Some home buyers and sellers were shocked recently when they learned a Towson-based title company that handled their real estate closings had shut down due to financial irregularities.
The action spawned several questions. What risks do these homeowners run? What should they do to make sure the settlement company has properly completed their purchase, sale or refinance transactions?
Settlement companies usually are responsible for collecting and disbursing all funds involved in the purchase or refinancing of real estate. In a purchase transaction, a settlement company receives money from the purchaser and lender and disburses most of the funds to pay off the seller's mortgage. After deducting the settlement agent's fees and expenses, the balance of funds is paid to the seller. All receipts and disbursements and title company charges are itemized on a settlement statement. A settlement company can get in serious financial trouble when a dishonest owner or employee fails to properly disburse funds received from purchasers and lenders. For instance, a dishonest settlement agent may not remit funds to pay off the seller's mortgages, or may fail to pay real estate taxes on the property or record the purchaser's deed.
The fact that a settlement company acts dishonestly does not necessarily leave its customers high and dry. Settlement companies almost always are agents for major title insurance companies. As agents, these settlement companies have been authorized by the title insurers to issue title insurance policies to homeowners.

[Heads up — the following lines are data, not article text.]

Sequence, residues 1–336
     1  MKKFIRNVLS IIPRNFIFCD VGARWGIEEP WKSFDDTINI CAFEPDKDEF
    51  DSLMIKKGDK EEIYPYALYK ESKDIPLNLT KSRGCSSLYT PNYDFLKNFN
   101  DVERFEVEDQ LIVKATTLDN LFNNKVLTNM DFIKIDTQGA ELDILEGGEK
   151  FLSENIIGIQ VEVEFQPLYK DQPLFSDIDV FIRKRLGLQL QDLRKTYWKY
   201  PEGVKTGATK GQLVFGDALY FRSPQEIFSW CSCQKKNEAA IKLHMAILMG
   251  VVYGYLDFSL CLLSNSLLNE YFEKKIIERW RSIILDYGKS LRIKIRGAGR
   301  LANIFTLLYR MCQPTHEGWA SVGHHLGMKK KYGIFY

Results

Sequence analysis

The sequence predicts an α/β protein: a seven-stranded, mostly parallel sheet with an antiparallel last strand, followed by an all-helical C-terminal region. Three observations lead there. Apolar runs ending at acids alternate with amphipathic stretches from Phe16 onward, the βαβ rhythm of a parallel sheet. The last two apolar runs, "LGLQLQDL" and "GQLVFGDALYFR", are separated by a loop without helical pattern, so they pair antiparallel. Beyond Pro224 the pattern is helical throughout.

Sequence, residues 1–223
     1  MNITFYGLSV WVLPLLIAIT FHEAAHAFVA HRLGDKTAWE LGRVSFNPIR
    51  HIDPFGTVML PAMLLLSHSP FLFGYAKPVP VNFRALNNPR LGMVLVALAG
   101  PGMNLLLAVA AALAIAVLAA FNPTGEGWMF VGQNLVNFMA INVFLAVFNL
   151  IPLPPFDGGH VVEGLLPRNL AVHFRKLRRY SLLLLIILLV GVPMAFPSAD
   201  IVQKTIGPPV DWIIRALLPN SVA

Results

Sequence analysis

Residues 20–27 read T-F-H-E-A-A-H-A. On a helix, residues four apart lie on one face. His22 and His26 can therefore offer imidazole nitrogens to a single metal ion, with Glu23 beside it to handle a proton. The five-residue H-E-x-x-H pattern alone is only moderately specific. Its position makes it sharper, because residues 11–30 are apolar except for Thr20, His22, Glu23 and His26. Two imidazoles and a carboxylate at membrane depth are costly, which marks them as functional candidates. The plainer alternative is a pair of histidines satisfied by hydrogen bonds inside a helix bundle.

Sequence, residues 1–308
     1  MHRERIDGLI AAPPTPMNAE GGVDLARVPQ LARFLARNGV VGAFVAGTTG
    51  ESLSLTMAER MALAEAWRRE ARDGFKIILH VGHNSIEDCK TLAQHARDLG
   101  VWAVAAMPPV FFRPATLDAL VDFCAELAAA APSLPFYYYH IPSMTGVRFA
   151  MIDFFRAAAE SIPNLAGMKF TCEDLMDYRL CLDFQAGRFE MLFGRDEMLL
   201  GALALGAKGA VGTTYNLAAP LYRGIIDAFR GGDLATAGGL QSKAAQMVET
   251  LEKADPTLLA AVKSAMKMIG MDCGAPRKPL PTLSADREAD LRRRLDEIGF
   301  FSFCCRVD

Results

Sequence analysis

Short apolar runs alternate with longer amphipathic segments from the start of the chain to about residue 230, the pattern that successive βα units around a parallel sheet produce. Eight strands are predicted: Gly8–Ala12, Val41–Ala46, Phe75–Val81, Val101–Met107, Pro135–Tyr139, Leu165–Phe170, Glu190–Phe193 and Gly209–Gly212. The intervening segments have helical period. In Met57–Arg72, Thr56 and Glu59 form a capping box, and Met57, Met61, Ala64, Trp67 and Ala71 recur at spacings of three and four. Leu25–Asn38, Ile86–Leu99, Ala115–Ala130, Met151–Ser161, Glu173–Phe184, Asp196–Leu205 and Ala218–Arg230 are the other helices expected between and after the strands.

Settlement agents usually collect a title insurance premium from the buyer at closing. In most cases, when a charge for title insurance appears on the settlement statement, the title insurance company will be responsible for its agent's dishonesty. Even if the agent never paid the premium, the title insurance company must meet its obligations under the title insurance commitment to guarantee that a deed is validly recorded and that prior mortgages, real estate taxes and other liens have been fully paid.
When financial irregularities in a settlement company are brought to light, parties who have closed transactions through that company should check with the state insurance commissioner to find the name and local address of each title insurer with whom the settlement agent was affiliated.
With this information, a customer can contact the title insurance company and provide the file number and other identifying information shown on the settlement statement. The insurer should be able to locate the file of the customer's transaction and provide complete information. If the title insurer does not satisfactorily address a problem, the state insurance commissioner has authority to investigate and remedy consumer complaints.
Title insurance agents are required to post a $100,000 bond with the insurance commissioner. But in cases involving a pattern of dishonest acts, the bond may be woefully insufficient to cover all potential claims.